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Will new ambulance support bring better palliative care?

Author: Lucy Wyndham
21 September 2017

Lucy Wyndham is the content manager of a funeral information and advice site, offering support on a range of topics from coping with grief to getting help with funeral costs. Here she writes about how training ambulance staff in specialist palliative care can reduce unnecessary hospital admissions.

Excellent end of life care does not just occur in the hospital or hospice; in fact, some of the best care happens at home. With this in mind, the need for specialist palliative care from the ambulance staff itself is more apparent than ever. A specialist ambulance service in the North East aims to provide higher quality care for terminally ill patients by early next year.

The Macmillan Supportive, Palliative and End of Life Services is the first of its kind in the north, and is scheduled to launch at the beginning of 2018. Created through a new partnership between the Macmillan Cancer Support and the North East Ambulance Service NHS Foundation Trust, the Supportive’s goals are to better patient care and decrease unnecessary admissions to the hospital.

Need for palliative care in the UK

According to the World Health Organization, most people in need of palliative care are in their own homes. However, a recent study found that while only 1 per cent of people with cancer in the UK would like to die in the hospital, as many as 38 per cent currently actually do. Furthermore, 64 per cent of people with cancer in the UK report wishing to die at home with the right support; only 30 per cent currently do.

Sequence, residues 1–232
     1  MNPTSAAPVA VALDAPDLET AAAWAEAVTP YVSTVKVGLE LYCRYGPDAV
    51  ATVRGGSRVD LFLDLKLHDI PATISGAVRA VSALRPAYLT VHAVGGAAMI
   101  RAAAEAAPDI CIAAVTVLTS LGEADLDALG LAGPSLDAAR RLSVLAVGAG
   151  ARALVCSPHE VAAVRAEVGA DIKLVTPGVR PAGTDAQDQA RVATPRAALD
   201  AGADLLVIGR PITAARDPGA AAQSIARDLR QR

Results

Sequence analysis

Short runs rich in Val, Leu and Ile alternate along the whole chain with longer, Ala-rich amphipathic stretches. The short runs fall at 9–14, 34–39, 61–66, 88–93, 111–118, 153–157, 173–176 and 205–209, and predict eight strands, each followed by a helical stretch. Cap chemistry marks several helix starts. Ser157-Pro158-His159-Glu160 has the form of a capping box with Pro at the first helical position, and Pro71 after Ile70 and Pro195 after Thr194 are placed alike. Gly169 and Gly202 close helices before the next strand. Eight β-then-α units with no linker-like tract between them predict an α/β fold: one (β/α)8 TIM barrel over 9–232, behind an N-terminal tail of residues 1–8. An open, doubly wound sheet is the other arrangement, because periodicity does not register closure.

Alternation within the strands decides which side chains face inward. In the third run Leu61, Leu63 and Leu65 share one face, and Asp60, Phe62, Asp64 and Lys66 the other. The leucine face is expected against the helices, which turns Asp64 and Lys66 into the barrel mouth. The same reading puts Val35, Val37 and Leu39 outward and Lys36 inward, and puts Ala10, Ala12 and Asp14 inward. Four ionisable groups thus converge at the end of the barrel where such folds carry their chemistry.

The new Supportive is created with these statistics in mind. Patients who currently call 999 or NHS 111 receive an ambulance, and more often than not will be sent to an emergency department, regardless of the patient’s wishes. Providing palliative care expertise to the ambulance service itself will enable medical staff to provide an increased level of care to those critically ill.

Three new roles to increase quality of care

To this end, the Trust has invested more than £350,000 annually over the next three years to hire three new roles: a nurse facilitator, an engagement officer, and admin support. This new team will work with the ambulance staff, training them in specialist skills to support terminally ill patients and individuals around the patients. The team will also work with healthcare and social care providers to help make sure patients’ end of life wishes will be respected throughout the system.

Grieving is an inevitable part of the process

While medical experts strive to do their best to facilitate a comfortable atmosphere, no-one can escape the inevitable when it comes to terminally ill patients. This also means that loved ones will have to face the hardship of losing their close one, however, there are various helpful ways to alleviate the grieving process, such as reminiscing and practicing thankfulness for the shared memories.   

Increasing the training and coordination between members of the health care system will increase the quality of life for patients and their families. This will be a welcome development at a critical juncture in the lives of patients and family members.

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